Thursday, April 22, 2021

Everything Old is New Again...

...or, "There is nothing new under the sun." (Although the opinions seen as publishable in The Atlantic have definitely swung a hundred and eighty degrees.)

From June of 1896: 
"But it is not alone that the presumption regarding the immigrant of today is so widely different from that which existed regarding the immigrant of thirty or fifty years ago. The immigrant of the former time came almost exclusively from western and northern Europe. We have now tapped great reservoirs of population then almost unknown to the passenger lists of our arriving vessels. Only a short time ago, the immigrants from southern Italy, Hungary, Austria, and Russia together made up hardly more than one per cent of our immigration. To-day the proportion has risen to something like forty per cent, and threatens soon to become fifty or sixty per cent, or even more. The entrance into our political, social, and industrial life of such vast masses of peasantry, degraded below our utmost conceptions, is a matter which no intelligent patriot can look upon without the gravest apprehension and alarm. These people have no history behind them which is of a nature to give encouragement. They have none of the inherited instincts and tendencies which made it comparatively easy to deal with the immigration of the olden time. They are beaten men from beaten races; representing the worst failures in the struggle for existence. Centuries are against them, as centuries were on the side of those who formerly came to us. They have none of the ideas and aptitudes which fit men to take up readily and easily the problem of self-care and self-government, such as belong to those who are descended from the tribes that met under the oak-trees of old Germany to make laws and choose chieftains."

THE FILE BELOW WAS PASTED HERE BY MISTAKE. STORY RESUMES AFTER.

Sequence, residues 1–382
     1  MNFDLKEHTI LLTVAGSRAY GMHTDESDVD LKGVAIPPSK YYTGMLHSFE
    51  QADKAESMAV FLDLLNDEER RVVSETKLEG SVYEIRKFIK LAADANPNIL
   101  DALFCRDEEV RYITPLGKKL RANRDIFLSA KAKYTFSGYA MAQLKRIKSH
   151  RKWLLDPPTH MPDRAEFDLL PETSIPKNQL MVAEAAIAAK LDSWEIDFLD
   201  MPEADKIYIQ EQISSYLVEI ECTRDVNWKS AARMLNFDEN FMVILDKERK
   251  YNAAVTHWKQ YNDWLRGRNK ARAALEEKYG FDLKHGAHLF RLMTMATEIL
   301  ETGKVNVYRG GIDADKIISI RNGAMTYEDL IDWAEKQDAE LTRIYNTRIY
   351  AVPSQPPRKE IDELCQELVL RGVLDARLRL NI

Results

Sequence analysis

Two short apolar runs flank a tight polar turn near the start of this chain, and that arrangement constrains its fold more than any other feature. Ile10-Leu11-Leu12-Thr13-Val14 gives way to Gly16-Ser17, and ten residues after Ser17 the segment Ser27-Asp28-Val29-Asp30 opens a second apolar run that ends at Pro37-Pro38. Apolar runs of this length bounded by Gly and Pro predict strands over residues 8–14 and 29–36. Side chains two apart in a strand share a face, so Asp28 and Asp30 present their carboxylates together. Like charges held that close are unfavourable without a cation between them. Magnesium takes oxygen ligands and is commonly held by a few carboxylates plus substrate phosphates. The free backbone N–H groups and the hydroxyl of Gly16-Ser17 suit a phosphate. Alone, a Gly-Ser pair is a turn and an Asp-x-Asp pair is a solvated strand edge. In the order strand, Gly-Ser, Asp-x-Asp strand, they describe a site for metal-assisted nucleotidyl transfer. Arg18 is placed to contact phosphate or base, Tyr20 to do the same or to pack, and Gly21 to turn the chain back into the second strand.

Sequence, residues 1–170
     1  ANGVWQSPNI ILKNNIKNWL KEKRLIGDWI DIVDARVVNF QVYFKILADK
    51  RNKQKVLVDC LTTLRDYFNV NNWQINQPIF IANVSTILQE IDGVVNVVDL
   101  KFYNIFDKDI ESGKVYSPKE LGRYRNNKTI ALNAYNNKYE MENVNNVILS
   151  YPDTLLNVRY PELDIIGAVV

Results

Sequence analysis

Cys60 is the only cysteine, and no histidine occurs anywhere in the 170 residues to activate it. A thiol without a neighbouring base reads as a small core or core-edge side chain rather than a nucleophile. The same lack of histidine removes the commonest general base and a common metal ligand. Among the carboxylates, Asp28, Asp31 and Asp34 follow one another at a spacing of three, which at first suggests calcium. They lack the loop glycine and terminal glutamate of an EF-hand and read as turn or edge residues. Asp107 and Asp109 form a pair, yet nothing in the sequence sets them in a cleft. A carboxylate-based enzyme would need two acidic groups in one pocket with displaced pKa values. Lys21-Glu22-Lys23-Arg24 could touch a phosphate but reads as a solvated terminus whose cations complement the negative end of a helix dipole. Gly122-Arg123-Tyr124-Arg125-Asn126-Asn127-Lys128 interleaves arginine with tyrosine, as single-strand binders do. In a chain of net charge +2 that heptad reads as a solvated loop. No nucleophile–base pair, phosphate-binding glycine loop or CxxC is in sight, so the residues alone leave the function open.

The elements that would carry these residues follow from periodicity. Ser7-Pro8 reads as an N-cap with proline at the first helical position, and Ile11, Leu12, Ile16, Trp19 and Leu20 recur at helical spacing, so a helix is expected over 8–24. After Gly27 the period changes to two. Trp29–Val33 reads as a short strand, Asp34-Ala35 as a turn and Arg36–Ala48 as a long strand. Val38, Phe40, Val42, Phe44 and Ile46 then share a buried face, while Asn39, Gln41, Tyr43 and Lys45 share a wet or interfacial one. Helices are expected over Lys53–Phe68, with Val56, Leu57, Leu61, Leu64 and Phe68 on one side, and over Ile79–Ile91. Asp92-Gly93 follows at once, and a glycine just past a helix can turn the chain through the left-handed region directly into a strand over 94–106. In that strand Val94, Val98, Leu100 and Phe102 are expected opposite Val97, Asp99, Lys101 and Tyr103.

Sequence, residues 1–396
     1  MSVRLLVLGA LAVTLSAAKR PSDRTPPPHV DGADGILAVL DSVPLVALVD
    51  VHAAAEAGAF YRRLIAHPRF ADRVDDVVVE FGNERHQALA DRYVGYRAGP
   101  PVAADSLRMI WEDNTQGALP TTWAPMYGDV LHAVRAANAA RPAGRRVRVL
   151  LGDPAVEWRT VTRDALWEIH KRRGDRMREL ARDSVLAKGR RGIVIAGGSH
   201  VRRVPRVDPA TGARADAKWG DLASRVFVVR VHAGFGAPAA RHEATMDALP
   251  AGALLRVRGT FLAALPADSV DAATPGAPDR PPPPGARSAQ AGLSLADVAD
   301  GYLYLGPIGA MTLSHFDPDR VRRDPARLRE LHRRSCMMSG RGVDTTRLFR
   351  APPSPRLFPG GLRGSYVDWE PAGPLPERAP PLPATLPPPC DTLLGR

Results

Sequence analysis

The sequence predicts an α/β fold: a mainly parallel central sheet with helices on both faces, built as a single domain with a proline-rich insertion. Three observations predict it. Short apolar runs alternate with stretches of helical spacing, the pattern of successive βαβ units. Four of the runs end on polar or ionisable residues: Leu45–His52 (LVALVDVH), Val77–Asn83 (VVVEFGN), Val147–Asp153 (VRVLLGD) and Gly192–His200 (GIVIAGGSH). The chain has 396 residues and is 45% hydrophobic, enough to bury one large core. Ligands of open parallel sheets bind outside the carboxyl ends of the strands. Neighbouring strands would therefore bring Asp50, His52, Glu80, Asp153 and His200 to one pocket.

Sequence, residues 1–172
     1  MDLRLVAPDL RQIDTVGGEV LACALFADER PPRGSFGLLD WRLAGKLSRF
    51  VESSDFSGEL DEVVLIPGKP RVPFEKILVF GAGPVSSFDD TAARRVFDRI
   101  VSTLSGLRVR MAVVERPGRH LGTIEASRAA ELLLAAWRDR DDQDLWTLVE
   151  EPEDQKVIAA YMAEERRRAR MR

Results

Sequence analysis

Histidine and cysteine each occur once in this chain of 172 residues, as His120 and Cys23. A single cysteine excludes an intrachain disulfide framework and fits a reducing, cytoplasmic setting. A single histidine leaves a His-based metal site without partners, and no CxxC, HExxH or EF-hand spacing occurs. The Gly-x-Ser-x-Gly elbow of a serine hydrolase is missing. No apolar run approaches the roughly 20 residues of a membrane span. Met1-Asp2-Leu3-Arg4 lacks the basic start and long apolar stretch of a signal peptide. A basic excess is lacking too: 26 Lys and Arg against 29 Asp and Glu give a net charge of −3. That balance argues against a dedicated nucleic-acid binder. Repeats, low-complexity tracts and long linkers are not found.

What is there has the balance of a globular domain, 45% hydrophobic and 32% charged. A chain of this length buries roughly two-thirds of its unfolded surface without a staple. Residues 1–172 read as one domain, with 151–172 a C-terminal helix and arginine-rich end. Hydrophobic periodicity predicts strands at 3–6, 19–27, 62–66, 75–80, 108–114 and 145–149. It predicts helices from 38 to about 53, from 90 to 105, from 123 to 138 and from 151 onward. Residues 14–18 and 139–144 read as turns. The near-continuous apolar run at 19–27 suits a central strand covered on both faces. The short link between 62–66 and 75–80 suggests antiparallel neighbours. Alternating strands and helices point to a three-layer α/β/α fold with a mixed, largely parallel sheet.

From April of 2021:
"This is utter fantasy. European immigrants at the turn of the century faced nothing like the restrictions that prospective immigrants face today, let alone the immense, militarized deportation machine Americans have come to accept. They were poor, uneducated, and didn’t even need to speak English to enter the country; a minuscule fraction were excluded. The distinction between immigration before and after 1965 is that in that year, the U.S. repealed restrictions based on race and ethnicity that almost entirely prevented immigration from Asian and Africa. The America First Caucus document’s falsehoods about post-1965 immigration echo Anglo-Saxonism’s pseudoscientific presumptions that recent immigrants are somehow qualitatively incapable of “self-care and self-government.”"